A national study to determine the characteristics of technological literacy for high school graduates
The purpose of this study was to determine the characteristics of technological literacy for high school graduates. A panel of experts in technological literacy was used to formulate the list of characteristics and make judgments on each.
The design of the study was the Delphi Method, using the Q-Sort Technique, with the Thurstone and Chave Method of Equal Appearing Intervals. Using the Method of Equal Appearing Intervals, median scores and Q-Values were calculated for each characteristic. The 80th percentile was used to determine when a characteristic reached consensus.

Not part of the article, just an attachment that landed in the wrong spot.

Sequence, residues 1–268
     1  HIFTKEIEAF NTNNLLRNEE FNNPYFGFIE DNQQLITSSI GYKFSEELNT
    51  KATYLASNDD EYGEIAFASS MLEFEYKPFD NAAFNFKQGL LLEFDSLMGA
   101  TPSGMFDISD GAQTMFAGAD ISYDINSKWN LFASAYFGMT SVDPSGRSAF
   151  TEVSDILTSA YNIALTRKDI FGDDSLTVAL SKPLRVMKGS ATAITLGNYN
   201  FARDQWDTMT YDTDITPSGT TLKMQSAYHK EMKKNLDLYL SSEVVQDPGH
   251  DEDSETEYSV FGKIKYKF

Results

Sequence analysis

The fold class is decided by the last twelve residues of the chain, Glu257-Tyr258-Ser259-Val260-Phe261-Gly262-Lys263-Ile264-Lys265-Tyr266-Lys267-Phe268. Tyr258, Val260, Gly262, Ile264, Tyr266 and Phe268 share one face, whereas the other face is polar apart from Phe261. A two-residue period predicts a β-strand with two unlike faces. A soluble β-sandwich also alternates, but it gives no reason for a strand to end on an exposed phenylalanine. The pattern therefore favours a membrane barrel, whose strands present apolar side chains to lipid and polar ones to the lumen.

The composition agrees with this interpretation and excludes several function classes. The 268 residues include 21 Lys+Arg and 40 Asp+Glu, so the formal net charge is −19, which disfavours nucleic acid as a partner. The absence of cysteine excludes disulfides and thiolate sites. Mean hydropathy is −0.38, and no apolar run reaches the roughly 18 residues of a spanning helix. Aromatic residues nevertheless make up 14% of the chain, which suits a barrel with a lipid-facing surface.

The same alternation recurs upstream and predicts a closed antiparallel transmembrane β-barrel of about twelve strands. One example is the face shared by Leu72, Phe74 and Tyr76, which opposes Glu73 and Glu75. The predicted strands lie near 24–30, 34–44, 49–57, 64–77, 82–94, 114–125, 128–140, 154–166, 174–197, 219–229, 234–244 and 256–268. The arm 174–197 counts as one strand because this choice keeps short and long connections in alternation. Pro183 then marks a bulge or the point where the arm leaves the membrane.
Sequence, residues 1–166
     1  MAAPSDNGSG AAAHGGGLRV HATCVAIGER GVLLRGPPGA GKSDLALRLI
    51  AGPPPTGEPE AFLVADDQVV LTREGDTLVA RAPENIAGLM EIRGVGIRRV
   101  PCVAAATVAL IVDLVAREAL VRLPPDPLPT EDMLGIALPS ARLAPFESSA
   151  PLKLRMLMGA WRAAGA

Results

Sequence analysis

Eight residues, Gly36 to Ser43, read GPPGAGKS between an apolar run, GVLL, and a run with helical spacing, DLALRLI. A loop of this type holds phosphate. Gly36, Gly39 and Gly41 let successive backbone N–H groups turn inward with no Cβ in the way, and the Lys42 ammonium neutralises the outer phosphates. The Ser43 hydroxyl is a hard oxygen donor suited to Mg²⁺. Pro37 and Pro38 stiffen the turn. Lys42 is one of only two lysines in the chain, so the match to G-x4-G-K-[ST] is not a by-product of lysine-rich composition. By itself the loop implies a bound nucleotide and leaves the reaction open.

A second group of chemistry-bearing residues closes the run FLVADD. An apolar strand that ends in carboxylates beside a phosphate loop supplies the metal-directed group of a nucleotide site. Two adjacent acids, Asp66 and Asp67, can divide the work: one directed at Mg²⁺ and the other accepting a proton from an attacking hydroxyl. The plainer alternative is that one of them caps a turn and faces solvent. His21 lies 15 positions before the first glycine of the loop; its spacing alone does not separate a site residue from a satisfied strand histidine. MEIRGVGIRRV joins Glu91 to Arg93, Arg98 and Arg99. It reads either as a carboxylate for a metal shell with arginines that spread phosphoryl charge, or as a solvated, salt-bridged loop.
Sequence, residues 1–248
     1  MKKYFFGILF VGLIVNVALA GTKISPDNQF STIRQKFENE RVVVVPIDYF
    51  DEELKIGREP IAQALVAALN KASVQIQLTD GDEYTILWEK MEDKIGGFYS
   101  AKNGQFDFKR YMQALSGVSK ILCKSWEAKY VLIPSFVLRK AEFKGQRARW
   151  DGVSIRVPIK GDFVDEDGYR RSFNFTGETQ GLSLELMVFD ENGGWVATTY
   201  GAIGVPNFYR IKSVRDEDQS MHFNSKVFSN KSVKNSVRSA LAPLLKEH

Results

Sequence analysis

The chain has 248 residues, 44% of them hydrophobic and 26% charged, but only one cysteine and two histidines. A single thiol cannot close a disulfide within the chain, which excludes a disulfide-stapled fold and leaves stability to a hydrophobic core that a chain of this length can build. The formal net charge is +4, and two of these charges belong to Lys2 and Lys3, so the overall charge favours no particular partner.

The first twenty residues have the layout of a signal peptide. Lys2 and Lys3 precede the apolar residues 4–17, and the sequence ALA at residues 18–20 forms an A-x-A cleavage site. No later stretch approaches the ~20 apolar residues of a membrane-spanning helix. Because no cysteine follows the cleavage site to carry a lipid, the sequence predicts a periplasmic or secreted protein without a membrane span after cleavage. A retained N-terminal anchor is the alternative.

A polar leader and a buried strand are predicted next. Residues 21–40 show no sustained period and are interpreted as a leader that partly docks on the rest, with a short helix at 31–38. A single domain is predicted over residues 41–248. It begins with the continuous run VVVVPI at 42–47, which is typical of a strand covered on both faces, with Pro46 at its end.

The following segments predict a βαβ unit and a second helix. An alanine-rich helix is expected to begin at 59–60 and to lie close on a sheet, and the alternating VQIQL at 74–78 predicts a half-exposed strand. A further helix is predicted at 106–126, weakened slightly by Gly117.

A panel of experts was chosen from among seven groups: (a) philosophers of education, (b) technology educators, (c) engineering educators, (d) scientists, (e) science educators, (f) classroom teachers, and (g) business and education support.
The results of the study provide a clearer focus on what is meant by technological literacy. This study identified a list of 24 consensus items to be used as minimum characteristics of technological literacy for high school graduates.